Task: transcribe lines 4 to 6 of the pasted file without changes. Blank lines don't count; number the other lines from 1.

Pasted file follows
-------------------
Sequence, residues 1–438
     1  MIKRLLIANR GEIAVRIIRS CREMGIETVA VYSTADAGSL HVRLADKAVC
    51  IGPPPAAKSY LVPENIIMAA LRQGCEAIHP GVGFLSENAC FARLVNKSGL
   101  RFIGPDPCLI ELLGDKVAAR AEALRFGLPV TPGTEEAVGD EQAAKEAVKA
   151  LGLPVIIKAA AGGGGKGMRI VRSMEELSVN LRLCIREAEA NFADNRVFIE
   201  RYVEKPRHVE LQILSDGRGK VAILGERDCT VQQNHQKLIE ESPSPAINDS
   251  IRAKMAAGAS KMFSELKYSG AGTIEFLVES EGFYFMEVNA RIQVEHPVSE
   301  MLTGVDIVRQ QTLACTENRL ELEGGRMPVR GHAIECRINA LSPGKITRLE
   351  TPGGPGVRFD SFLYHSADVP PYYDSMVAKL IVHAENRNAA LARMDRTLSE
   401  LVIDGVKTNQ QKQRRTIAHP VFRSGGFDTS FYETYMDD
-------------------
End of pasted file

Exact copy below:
   101  RFIGPDPCLI ELLGDKVAAR AEALRFGLPV TPGTEEAVGD EQAAKEAVKA
   151  LGLPVIIKAA AGGGGKGMRI VRSMEELSVN LRLCIREAEA NFADNRVFIE
   201  RYVEKPRHVE LQILSDGRGK VAILGERDCT VQQNHQKLIE ESPSPAINDS